Germain Brings Sarasota Touch To Baker Museum



For the past five years, the Baker Museum at Artis-Naples has through its Florida Contemporary series sought to showcase visual art innovations in technique, medium, subject matter and composition throughout the state, hosting an annual juried exhibition of work from select artists. Fielding close to 200 submissions this past year, only 16 were chosen, including Sarasota’s own painter and sculptor Gay Germain, who saw three of her four submitted paintings accepted into the exhibition by the Baker judges. And while the paintings themselves are enough to grab the eye, it’s perhaps Germain’s pioneering technique that demands the most attention.

An intriguing mix of hard edges and large geometric shapes next to softer, atmospheric fine line work and cross-hatching, the selected paintings come from Germain’s latest series, Sculpture Garden Conversations, a multi-media project including both wood and concrete sculpture. Working in acrylic and oil paints as well as graphite to achieve the clean look and delineating lines she envisioned proved a challenge.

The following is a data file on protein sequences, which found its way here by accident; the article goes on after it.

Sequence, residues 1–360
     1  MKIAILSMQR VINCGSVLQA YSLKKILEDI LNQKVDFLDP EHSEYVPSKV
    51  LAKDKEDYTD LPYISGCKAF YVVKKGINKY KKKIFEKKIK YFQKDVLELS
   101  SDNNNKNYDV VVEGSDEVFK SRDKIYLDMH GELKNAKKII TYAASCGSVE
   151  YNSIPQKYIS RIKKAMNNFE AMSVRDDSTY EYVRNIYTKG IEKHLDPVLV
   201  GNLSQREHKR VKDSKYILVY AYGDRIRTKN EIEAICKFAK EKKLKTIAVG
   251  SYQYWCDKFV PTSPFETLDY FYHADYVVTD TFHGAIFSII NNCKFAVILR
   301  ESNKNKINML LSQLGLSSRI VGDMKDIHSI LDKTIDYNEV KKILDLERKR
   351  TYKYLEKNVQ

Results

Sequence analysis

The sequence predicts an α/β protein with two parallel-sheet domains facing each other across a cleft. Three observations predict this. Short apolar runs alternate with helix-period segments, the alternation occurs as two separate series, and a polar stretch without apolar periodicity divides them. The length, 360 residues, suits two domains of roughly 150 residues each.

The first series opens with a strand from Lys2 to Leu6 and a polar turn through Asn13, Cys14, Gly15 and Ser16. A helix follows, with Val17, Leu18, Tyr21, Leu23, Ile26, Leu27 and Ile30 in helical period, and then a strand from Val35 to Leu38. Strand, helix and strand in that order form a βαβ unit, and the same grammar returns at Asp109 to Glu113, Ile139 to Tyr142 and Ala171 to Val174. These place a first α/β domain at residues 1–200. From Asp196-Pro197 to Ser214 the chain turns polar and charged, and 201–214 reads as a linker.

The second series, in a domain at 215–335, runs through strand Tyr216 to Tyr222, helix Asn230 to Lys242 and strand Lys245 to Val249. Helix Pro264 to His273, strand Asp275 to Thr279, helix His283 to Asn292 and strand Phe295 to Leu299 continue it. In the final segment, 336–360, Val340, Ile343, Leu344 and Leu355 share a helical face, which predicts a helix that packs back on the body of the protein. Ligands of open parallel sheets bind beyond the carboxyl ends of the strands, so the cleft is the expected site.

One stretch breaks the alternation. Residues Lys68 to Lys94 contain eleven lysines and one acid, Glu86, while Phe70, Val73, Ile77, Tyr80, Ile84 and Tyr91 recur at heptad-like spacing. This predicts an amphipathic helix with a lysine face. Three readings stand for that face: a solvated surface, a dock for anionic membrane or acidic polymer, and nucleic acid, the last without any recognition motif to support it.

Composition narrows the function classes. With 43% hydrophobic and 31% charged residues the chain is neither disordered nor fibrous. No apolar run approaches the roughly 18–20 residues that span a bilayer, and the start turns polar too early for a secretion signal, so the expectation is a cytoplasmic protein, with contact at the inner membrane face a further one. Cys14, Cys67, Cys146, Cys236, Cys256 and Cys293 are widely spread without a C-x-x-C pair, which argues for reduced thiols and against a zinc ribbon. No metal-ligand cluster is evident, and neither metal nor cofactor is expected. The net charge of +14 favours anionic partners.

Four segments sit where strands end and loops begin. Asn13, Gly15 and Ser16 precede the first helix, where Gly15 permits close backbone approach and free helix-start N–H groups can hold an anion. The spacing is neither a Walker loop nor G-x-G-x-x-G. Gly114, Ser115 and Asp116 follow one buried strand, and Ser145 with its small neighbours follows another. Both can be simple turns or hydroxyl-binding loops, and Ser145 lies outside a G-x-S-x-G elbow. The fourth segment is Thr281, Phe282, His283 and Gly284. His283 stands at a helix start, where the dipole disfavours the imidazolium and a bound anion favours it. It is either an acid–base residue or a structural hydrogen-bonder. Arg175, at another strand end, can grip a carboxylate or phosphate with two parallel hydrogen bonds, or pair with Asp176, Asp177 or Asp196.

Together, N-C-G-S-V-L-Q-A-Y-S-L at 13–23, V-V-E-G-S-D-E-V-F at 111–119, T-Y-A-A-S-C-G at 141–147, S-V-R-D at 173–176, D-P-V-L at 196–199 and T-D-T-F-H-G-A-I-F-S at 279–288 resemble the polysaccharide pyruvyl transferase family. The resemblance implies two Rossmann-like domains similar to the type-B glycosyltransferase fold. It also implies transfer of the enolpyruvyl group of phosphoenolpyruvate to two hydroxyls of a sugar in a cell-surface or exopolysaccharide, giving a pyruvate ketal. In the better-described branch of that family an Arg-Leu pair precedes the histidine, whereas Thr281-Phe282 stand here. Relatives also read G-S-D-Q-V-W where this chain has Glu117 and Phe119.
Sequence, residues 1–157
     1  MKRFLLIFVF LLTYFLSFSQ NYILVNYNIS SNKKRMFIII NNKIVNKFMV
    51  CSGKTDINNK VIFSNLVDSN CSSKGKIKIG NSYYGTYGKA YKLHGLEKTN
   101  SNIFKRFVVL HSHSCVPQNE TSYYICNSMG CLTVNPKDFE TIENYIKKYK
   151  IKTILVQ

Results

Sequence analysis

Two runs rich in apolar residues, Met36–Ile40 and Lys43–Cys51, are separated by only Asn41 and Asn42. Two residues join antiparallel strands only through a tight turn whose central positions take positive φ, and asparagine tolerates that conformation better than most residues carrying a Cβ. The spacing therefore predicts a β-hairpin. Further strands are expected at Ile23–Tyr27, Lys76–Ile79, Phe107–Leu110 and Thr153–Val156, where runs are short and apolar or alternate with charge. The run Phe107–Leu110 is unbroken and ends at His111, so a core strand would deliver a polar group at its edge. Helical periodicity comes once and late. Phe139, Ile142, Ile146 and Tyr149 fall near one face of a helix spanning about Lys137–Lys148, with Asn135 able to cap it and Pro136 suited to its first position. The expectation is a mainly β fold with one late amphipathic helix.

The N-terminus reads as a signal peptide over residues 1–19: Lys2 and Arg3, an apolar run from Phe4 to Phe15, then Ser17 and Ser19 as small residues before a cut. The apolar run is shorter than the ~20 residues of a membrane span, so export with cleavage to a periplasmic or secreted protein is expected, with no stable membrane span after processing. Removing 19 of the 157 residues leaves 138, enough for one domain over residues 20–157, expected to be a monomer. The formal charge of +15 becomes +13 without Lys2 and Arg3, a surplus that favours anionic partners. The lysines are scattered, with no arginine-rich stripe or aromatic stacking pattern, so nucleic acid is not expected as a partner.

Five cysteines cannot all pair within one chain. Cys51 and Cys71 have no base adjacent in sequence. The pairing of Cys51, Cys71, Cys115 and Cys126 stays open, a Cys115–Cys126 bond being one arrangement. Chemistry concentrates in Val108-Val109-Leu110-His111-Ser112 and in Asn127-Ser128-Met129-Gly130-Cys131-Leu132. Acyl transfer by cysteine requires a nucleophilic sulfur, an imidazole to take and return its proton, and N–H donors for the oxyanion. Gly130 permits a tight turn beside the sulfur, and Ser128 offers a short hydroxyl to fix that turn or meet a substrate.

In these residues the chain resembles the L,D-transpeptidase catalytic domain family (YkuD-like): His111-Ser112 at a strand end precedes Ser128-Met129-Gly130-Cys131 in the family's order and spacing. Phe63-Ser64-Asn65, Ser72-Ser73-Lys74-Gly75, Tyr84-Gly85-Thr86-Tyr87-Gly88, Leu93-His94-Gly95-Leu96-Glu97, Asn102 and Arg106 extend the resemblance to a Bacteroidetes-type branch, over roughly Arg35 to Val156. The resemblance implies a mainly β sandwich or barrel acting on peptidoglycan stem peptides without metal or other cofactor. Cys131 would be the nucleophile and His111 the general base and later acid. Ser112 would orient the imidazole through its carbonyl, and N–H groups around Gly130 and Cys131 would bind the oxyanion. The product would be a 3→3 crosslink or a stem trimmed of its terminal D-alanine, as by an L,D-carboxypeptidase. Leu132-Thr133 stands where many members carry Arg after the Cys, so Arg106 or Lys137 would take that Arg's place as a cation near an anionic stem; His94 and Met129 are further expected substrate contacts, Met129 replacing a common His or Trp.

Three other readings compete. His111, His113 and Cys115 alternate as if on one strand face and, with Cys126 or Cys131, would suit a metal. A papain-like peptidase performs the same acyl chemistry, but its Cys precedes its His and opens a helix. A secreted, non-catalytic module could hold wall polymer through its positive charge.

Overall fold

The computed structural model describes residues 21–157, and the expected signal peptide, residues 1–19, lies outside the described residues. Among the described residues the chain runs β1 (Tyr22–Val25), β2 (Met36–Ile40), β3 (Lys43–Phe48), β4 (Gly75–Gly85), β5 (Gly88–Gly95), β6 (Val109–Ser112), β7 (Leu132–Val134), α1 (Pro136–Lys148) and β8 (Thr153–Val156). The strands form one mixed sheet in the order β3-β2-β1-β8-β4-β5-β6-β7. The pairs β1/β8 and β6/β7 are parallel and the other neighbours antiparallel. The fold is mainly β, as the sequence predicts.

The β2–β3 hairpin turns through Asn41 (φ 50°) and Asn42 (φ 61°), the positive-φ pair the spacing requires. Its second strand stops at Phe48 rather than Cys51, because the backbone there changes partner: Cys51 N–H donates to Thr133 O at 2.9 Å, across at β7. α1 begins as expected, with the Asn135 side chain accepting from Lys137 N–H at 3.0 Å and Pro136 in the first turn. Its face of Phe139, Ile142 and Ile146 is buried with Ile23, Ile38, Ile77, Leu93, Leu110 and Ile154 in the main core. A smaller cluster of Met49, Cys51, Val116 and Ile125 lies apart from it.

“It was a lot of experimentation,” said Germain, who will not use tape or such assists in her creation as it “gets in the way.” Working on a canvas-wrapped wood panel, the artist turned to gesso – a hard compound often used as a base – to create a precision painting environment, applying ten coats and sanding the whole piece down between each one. “So by the time the tenth coat had been sanded, it felt like glass,” said Germain, and she was ready to start painting on her perfect surface. “It was a long, tedious situation, but it was worth it.”

Still a calculating process, Germain’s work makes deft use of white space, leaving great portions of the canvas untouched as counterpoint to the large black shapes that have almost become a trademark. “That creates the piece for me,” she said. “I have found a pleasure in being able to leave the white space and create shapes within that negative space.” As a result, Germain must be very careful to avoid stray marks, which cannot be obscured or even painted over, leaving a textural impact on the clean, smooth surface.

“It’s a good experience and I’m pleased to be a part of it,” said Germain of exhibiting at the Baker, reminding other artists to stay true to their vision, even if that vision seems as unconventional as her penchant for black shapes and fine lines. “I’ve been told that kind of thing doesn’t work,” she said. “Well it works for me.”

“Stay with your voice,” Germain continued. “You can always do different things with your voice, but that’s your voice.”

Currently on display at the Baker Museum at Artis-Naples Florida Contemporary 2016 and Germain’s work will be on display through April 20.

Pictured: Three selections from Germain's "Sculpture Garden Conversations" hang at the Baker Museum. Courtesy of the artist.

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